• [Nebraska builds] to a resolution that’s simultaneously touching and deeply, almost unbearably sad. There’s a sense here of lives largely squandered that feels more genuine than anything in Payne’s last several films (the serious ones—everything post-Election); he finally nails that conflicted tone he’s been after, which might be either optimistic defeatism or defeatist optimism.

  • Shooting in black and white that is as simple, unfussy and unbeautiful as the modest homes in the movie, Mr. Payne draws an emotionally vivid, insistently unsentimentalized portrait of America and forgotten men, like a farmer who was destroyed by working his farm and a war veteran who returned with wounds he never discussed.

  • Ultimately, Payne's films beg the question of whether or not the self-imposed journey of his protagonists have been worth the trip. In the caseNebraska, the trek is one worth embarking on, for both its characters and audience alike.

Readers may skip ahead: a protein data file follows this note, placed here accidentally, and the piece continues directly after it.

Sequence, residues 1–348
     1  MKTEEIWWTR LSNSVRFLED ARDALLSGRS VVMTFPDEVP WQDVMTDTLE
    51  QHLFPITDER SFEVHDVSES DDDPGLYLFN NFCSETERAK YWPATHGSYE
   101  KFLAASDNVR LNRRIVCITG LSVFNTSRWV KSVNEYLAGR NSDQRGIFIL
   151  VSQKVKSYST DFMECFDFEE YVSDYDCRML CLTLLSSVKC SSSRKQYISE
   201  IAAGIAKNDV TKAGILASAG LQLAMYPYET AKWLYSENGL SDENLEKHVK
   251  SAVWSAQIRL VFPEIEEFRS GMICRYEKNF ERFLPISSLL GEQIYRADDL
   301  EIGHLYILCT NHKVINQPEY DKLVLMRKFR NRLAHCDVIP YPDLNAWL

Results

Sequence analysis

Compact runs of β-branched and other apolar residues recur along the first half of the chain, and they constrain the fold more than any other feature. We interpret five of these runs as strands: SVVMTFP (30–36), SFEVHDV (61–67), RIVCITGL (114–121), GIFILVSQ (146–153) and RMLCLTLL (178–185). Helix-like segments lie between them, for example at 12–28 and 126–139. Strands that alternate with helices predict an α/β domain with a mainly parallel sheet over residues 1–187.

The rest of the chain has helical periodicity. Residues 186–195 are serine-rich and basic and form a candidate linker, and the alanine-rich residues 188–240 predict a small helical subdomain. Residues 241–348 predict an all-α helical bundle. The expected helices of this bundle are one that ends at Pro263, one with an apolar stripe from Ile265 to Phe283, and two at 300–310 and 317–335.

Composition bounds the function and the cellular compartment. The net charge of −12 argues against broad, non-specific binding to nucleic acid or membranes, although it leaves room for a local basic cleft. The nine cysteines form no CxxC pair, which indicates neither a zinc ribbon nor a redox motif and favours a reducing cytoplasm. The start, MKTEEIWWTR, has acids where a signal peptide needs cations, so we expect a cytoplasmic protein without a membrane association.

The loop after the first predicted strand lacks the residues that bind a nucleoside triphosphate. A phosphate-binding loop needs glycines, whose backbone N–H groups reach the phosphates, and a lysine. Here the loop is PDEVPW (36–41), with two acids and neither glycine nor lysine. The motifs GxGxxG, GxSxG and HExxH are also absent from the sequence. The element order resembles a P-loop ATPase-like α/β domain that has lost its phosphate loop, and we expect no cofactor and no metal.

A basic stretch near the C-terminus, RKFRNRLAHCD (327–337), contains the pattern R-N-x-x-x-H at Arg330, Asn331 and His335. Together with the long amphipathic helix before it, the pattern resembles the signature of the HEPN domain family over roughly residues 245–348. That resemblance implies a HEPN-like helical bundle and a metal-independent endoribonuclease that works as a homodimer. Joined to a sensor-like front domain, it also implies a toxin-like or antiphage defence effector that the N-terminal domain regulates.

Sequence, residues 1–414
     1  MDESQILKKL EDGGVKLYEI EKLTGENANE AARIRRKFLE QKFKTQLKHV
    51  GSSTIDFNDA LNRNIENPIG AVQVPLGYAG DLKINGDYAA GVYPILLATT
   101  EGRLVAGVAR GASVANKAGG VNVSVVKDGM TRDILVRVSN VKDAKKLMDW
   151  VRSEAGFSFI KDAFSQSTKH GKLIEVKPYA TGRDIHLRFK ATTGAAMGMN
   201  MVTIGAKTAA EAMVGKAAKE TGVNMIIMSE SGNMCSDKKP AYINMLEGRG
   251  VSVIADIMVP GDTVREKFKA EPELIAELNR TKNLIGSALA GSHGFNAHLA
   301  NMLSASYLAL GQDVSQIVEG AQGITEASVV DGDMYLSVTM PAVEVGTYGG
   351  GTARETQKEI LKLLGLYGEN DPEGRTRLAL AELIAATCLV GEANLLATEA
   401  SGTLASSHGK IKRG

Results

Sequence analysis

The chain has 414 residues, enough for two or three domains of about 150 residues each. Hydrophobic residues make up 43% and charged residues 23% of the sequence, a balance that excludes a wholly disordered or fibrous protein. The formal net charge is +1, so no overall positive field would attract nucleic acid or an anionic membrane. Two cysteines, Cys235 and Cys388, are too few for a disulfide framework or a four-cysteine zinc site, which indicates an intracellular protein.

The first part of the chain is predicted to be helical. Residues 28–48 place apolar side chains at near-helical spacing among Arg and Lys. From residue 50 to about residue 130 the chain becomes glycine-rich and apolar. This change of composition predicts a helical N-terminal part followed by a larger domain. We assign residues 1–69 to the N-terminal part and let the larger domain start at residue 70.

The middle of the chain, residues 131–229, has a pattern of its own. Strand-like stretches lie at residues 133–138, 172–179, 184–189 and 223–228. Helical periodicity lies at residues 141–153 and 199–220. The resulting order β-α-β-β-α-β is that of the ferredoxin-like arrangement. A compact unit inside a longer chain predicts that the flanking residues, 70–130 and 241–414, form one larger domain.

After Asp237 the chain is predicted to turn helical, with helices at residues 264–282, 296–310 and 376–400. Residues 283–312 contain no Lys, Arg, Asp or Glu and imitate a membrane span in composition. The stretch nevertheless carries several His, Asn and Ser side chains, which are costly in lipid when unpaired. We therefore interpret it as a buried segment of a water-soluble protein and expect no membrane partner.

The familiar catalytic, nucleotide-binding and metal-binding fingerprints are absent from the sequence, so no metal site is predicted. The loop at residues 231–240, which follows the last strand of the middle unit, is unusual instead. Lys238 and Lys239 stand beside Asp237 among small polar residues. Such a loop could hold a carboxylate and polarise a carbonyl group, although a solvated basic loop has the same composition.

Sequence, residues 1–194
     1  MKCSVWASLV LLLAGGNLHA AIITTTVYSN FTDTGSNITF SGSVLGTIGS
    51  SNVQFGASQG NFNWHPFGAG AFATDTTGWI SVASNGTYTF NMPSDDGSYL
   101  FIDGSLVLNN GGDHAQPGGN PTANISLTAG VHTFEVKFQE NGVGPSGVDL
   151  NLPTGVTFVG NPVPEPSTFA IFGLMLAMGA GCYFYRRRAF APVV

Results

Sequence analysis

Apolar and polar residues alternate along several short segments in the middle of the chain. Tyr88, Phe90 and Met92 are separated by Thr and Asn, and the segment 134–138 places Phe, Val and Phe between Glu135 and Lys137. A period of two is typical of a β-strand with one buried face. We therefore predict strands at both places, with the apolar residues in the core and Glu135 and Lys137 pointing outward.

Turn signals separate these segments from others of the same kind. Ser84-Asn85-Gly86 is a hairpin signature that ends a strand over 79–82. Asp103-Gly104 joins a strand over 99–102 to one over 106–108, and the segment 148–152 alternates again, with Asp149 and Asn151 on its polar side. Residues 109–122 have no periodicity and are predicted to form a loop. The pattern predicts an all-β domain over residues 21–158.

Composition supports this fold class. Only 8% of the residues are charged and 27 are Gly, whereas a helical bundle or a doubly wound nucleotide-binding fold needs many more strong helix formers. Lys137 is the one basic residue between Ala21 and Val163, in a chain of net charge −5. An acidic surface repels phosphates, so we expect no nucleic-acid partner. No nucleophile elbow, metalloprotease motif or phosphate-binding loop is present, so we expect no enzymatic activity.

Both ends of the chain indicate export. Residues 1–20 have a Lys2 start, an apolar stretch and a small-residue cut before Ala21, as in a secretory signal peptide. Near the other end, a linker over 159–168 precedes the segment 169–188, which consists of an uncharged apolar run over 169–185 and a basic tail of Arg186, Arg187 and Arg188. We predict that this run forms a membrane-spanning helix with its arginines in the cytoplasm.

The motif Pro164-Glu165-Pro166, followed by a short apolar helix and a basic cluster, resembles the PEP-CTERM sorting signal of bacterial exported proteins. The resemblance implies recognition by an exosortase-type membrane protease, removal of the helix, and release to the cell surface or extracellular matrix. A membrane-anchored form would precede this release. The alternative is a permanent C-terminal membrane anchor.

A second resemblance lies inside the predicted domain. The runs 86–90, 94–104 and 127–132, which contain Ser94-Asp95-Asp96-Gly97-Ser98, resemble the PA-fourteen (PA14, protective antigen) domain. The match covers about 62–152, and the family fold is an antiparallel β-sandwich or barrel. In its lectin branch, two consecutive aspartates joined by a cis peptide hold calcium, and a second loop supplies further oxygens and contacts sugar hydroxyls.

• When it comes to portraying the locals of his own provenance, Omaha-bred Payne may leave some sensitivity to be desired. But in Nebraska, the filmmaker's overview of America is extraordinarily, multifariously profound. His mere perception of American iconography, and how its value echoes and evolves through generations, has a walloping impact.